Sunday, January 25, 2009

A Father's Story - Herb Keinon

When I read Herb Keinon's account (JPost) of how he felt during the 15 days his son was in Gaza, I was struck by how parallel his description was to my own intense emotions during the war, yet I did not have a son, a husband or brother there.

Of course I can't really compare my feelings to both his very personal fears and his very personal pride, but there was definitely an loud echo of what he expressed in my own soul.

As I reflected on this, and on my emotions when I visited the wounded soldiers in the hospitals I realized it didn't matter that they weren't my "actual family" because they and the families and close friends surrounding them - they were also mine. The soldiers belong to all of us and they are part of us; Am Yisrael is a People who, though we fight a lot between us at times, we really are as one.

So when he describes his feelings, it is in a little way the feelings of all of us.

Please click on the link below to read the entire article. It has a very sweet ending.

First Person: A father's story of his son at war

Jan. 23, 2009Herb Keinon , THE JERUSALEM POST

"Hello," I muttered into the phone at 7:15 last Sunday morning, after looking at - and not recognizing - the phone number on the caller ID.

"Hallo," a raspy voice answered back, waiting for recognition. When none came, the voice continued: "Abba, it's Yona."

And with those three words a 15-day trauma that began with the IDF's ground operation in the Gaza Strip simply melted away.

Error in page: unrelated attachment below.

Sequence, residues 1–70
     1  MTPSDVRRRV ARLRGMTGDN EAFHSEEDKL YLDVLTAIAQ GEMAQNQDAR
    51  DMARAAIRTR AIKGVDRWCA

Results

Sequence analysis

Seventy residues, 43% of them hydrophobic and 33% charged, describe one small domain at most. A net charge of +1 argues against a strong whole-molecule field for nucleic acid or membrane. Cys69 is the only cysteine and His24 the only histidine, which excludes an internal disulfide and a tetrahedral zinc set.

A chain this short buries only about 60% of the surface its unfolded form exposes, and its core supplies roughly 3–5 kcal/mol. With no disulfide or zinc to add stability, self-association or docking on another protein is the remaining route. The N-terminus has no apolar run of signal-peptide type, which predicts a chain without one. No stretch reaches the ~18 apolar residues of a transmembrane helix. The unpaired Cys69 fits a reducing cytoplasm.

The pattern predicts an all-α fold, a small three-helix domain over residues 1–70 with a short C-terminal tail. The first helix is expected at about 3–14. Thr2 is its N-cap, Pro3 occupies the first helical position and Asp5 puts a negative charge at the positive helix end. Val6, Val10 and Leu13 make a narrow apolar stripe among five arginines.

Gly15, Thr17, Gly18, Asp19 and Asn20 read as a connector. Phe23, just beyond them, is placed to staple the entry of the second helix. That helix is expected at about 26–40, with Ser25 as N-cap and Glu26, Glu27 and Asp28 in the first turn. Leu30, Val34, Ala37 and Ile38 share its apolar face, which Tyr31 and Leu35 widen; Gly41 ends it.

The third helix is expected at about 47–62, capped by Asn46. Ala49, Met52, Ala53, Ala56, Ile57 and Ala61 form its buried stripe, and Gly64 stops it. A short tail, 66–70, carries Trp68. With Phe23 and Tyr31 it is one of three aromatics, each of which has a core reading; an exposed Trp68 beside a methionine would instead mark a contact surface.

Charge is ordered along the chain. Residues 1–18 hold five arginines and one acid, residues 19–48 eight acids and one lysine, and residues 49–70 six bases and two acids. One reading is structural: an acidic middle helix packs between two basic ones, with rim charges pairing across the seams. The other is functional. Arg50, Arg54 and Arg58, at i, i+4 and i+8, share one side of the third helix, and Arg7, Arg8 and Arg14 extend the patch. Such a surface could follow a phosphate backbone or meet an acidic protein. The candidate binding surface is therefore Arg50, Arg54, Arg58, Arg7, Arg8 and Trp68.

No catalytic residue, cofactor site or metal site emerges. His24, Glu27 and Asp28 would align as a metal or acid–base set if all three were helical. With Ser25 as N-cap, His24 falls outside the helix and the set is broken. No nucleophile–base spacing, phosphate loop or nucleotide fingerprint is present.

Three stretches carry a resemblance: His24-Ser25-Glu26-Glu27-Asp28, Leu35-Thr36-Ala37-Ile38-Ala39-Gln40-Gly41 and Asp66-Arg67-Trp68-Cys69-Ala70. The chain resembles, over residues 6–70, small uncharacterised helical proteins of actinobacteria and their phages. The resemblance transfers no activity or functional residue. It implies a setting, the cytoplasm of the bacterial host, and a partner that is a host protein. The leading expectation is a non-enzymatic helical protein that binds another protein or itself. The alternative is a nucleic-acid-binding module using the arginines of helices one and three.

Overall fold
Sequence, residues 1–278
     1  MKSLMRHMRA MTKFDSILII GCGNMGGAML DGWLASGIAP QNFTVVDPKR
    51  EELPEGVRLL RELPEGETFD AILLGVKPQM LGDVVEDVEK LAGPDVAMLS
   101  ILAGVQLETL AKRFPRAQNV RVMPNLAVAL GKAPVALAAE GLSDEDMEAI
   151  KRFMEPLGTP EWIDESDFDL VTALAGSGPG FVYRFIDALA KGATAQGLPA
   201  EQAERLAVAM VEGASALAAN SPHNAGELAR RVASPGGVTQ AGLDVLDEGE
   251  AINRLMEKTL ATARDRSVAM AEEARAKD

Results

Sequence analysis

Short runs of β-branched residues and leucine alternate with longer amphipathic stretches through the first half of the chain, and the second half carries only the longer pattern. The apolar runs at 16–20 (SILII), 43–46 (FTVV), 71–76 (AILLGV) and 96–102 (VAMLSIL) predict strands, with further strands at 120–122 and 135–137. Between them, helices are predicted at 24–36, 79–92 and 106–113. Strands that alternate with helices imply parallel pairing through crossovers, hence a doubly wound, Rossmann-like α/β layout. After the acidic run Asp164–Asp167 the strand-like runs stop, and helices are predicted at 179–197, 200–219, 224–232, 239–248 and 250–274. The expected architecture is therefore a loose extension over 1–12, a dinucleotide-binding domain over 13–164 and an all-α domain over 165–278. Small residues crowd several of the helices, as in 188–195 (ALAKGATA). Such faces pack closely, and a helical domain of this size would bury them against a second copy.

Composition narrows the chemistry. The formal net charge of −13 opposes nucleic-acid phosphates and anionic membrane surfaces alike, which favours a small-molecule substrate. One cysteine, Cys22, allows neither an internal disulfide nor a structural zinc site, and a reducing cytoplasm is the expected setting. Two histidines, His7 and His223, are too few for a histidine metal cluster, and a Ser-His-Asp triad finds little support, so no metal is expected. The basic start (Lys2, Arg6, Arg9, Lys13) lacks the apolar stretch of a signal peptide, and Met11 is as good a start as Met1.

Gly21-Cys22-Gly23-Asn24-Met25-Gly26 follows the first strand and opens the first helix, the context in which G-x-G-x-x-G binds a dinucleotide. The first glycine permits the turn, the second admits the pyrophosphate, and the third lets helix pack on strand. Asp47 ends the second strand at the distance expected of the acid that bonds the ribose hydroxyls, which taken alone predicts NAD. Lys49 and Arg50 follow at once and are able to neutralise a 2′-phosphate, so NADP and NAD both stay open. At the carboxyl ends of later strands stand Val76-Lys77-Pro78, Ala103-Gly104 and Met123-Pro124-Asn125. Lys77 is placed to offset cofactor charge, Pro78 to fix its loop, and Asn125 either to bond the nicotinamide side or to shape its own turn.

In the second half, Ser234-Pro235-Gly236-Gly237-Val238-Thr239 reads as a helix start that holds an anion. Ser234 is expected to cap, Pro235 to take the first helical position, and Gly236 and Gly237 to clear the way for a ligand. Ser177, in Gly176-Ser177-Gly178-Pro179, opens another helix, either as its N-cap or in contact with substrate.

"Honey," I giddily screamed to my wife. "It's Yona." The lad was out of Gaza. He was safe and he was sound. Never have I felt more relieved.

Well-ensconced in middle age, I have tasted a good range of life's emotions. I have felt the pain of losing a parent at a relatively early age, the joy of marrying a woman I love, the delight at the birth of four healthy children. I have felt pleasure, bliss, happiness, satisfaction; hatred, pride, envy and disappointment.

I also thought I had pretty much run the scale of all the emotional chords involved in child-rearing. But I was wrong. I never felt anything that came close to the all-encompassing, gut-wrenching worry that comes when one has a child fighting in a war. These were virgin waters, and waters that at times made me feel as if I were drowning. ........

Read the full article here.

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